The Moulin Rouge was once the glittering center of the Historic Westside in Las Vegas.
It was the first racially integrated casino in the United States, and it drew big names like Sammy Davis Jr. and Louis Armstrong. It opened in 1955 and lasted only six months, but it’s remembered as a hallmark achievement in Las Vegas history.
People have tried to restore it ever since.
Until today. The property is in ruins, and the city is going to demolish what remains of it. Complicating the issue, 200 or so homeless people, including children, were found living on the property.
“There is no power, no water and there are constant fires," City Councilman Ricki Barlow, who represents the area, told KNPR's State of Nevada. "The last thing I want as a representative of this area is for one of those buildings to catch fire and 50, 60, 70, 100 people are burned to death.”
Barlow said no one was entirely sure how many people lived on the property and it wasn't until city inspectors went into the property after the last fire a week and a half ago that the city realized how many people were there.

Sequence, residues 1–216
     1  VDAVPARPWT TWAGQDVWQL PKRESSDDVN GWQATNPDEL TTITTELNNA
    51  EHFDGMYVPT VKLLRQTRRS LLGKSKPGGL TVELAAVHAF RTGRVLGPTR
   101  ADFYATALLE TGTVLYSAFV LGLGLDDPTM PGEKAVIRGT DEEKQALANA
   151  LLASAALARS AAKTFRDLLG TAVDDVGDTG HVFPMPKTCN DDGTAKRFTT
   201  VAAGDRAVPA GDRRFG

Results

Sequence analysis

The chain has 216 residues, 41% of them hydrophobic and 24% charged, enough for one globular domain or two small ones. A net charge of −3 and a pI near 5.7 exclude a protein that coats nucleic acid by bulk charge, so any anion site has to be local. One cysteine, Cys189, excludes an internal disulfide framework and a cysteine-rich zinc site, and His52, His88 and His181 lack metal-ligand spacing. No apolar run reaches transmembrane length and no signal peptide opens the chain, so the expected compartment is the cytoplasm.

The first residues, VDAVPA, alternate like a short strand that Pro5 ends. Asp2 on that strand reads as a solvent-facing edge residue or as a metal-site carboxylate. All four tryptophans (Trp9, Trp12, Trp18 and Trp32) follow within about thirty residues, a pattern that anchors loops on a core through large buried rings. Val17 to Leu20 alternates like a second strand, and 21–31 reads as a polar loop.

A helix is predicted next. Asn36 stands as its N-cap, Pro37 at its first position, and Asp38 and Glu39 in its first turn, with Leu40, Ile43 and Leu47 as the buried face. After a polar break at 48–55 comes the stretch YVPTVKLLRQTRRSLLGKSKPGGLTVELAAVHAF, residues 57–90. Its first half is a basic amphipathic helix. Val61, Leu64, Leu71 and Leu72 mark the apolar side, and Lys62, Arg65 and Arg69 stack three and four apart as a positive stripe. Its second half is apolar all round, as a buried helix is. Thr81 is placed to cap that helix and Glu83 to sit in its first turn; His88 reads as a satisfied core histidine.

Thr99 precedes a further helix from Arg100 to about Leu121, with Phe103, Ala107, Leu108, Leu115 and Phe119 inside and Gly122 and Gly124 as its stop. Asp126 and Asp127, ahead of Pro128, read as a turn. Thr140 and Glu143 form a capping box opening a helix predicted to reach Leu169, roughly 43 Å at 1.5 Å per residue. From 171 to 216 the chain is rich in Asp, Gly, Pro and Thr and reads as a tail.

The city is now working with the county, Metro Police and other agencies to help find services and resources for the people who were living there.
Barlow said the decision has been made to demolish all the structures because they are a public safety problem. The city will pay for the demolition, but it will put a lien on the property so when it is sold the city will recover that money.
Several times over the years, developers have tried to redevelop the buildings, but nothing has come of it. The property has been damaged by multiple fires over the years.
Now, one of the ideas the city is discussing is selling the property to Clark County so it can build a new Department of Family Services building on the property.
Barlow said that is a possibility but nothing is "etched in stone." He said they're looking at a "variety of developments" for the area.
“We’re not taking anything off the table because there is such a great need whether it be housing, commercial, retail," he said. "There is a great need for government services in the area still. We’re looking at a variety of options to continue to drive economic development into the area in order to bring it up.”
Barlow said even though the buildings from the Moulin Rouge will no longer be on the site the legacy of the casino and hotel will carry on and it will remain on the National Register of Historic Places.
Ricki Barlow, Las Vegas city councilman, Ward 5